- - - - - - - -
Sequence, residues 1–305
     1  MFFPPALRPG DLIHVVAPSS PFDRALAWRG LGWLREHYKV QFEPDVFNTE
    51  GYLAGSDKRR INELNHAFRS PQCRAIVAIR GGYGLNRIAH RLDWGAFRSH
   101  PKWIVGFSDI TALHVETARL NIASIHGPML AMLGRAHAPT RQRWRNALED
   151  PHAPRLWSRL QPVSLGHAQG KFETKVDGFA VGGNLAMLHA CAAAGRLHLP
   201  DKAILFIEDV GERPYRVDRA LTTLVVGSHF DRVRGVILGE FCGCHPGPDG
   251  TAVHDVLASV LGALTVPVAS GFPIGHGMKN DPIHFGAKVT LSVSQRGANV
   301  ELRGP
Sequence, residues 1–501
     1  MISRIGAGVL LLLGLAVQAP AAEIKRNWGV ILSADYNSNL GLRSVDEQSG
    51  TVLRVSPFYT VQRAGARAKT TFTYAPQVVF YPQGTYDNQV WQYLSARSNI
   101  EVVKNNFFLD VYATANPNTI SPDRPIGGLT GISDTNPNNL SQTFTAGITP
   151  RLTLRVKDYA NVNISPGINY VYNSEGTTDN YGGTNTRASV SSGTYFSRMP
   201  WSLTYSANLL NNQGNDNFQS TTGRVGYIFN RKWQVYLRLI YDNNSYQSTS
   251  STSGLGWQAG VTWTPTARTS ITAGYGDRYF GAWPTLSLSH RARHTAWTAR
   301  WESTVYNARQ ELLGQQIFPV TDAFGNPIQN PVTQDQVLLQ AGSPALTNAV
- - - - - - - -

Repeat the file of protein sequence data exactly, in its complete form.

Sequence, residues 1–305
     1  MFFPPALRPG DLIHVVAPSS PFDRALAWRG LGWLREHYKV QFEPDVFNTE
    51  GYLAGSDKRR INELNHAFRS PQCRAIVAIR GGYGLNRIAH RLDWGAFRSH
   101  PKWIVGFSDI TALHVETARL NIASIHGPML AMLGRAHAPT RQRWRNALED
   151  PHAPRLWSRL QPVSLGHAQG KFETKVDGFA VGGNLAMLHA CAAAGRLHLP
   201  DKAILFIEDV GERPYRVDRA LTTLVVGSHF DRVRGVILGE FCGCHPGPDG
   251  TAVHDVLASV LGALTVPVAS GFPIGHGMKN DPIHFGAKVT LSVSQRGANV
   301  ELRGP
Sequence, residues 1–501
     1  MISRIGAGVL LLLGLAVQAP AAEIKRNWGV ILSADYNSNL GLRSVDEQSG
    51  TVLRVSPFYT VQRAGARAKT TFTYAPQVVF YPQGTYDNQV WQYLSARSNI
   101  EVVKNNFFLD VYATANPNTI SPDRPIGGLT GISDTNPNNL SQTFTAGITP
   151  RLTLRVKDYA NVNISPGINY VYNSEGTTDN YGGTNTRASV SSGTYFSRMP
   201  WSLTYSANLL NNQGNDNFQS TTGRVGYIFN RKWQVYLRLI YDNNSYQSTS
   251  STSGLGWQAG VTWTPTARTS ITAGYGDRYF GAWPTLSLSH RARHTAWTAR
   301  WESTVYNARQ ELLGQQIFPV TDAFGNPIQN PVTQDQVLLQ AGSPALTNAV